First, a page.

The other day on my way to work, NPR featured a report on the much publicized feud between esteemed atheist author Christopher Hitchens and his brother Peter, a devout Anglican who believes that the sheer presence of morality necessitates the existence of God. His brother Christopher could not disagree more, just look to his bestseller God is Not Great if you are looking for proof of that!
For the most part, Christopher Hitchens and I disagree, but as part of the interview Hitchens revealed some of his own vulnerability in discussing his bout with cancer and his potential demise, saying this, “The psychological makeup of [facing death] is roughly the same whether you assume a supernatural dimension or not.” Hitchens contends that the emotions of impending death are tantamount whether someone believes in God and an afterlife or if they are a pure atheist, like himself (read the full article, “Hitchens Brothers Agree to Disagree Over God” at NPR).
I agree with Hitchens.
Again, for clarity’s sake; I agree with Hitchens.
The emotions that one faces when dealing with a potentially deadly illness or is on one’s death bed are the same whether one is a Christian, a Buddhist, an atheist, agnostic or something else entirely. The emotions are equal in intensity and it would be unfair to say that Christians don’t have those emotions, or, as some have assumed of Hitchens, that atheists are indifferent towards death because there is neither something to fear or something to look forward to.
However, the way an individual resolves those emotions is an entirely different matter.
Being a public figure, and at that a very contentious one, who also happens to be going through a very public fight with a terminal illness, Hitchens naturally garners the mass public’s attention.
I don’t want there to be a mix up with what the truth of the matter is. So let’s clear it up.
Hitchens assumes that the emotions of facing death are the same for people of religion or not. To that point he is correct. It is not clear whether he assumes that the way a person deals with those emotions is the same across religious and secular lines. Knowing his work I would assume that he posits that religion is useless when it comes to dealing with the emotions of death, or at the very least, not necessary.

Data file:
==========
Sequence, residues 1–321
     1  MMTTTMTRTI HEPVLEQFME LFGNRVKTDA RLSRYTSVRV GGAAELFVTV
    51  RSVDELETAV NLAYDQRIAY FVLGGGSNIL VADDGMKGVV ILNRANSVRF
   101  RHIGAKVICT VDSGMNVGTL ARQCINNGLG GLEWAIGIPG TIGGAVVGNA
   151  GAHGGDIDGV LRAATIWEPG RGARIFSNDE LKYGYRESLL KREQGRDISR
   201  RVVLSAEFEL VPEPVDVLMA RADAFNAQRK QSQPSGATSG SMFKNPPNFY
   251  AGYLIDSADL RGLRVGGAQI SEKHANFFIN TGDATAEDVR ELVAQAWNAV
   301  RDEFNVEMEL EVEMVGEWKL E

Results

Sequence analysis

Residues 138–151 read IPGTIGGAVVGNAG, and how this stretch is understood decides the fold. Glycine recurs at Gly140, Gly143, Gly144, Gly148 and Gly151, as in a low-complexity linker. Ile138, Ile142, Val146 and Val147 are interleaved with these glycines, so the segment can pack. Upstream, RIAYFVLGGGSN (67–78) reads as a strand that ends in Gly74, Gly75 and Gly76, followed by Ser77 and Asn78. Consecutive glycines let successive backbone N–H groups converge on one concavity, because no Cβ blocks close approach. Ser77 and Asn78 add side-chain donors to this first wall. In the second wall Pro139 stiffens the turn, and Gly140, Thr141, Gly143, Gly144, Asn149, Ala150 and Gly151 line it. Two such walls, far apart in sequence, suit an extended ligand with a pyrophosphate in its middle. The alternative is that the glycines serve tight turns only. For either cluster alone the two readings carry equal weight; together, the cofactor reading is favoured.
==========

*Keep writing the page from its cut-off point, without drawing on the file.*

To answer that challenge I turn to research published by Kathryn L. Braun and Ana Zir in the December 2001 edition of the Death Studies Journal.Their report included case studies of Christian people facing death in Honolulu hospitals. These individuals then received spiritual care from local clergy. Although all reported feelings of fear and uncertainty concerning their death, the vast majority of them felt a certain sense of resolve after receiving spiritual counseling from the clergy. The conclusion was that Christian clergy visitation near the end of life can indeed play a role in achieving a “good” death in the eyes of end of life care providers. They noted that Christian clergy and end of life counseling helped those dying resolve both spiritual and practical death issues, facilitated a process of reconciliation and forgiveness between the ill and their estranged family or friends and helped guide attitudes related to dying and death in a positive direction among both the dying and the bereaving.
Now, all of these people were Christian. How this would play out with atheists I do not know.
But I do know this. Mr. Hitchens I agree with you. Death is a scary, intimidating, confusing and disheartening event. My thoughts and prayers are with you (for what that is worth) as you struggle with cancer, death and epistemology at such a time. It is my sincere hope that you survive. Yet, I cannot help but disagree with the inference behind your statement, because in reality faith does play a tangible role in helping people deal with death in a positive way. For that matter it helps deal well with the end of life, aiding the dying in forgiving past wrongs and reconciling differences. I am glad you and your brother are coming to a point of agreement about your disagreements, and I have no doubt that atheists can deal well with their emotions at death as well.
But ask yourself this, as you continually decry the mythic fairy tales of religion and call for its worldwide cessation might you concede that religion plays a positive role in helping people deal with death and see to a positive end to their life?
I think that’s a point we can both agree on and sincerely hope we will.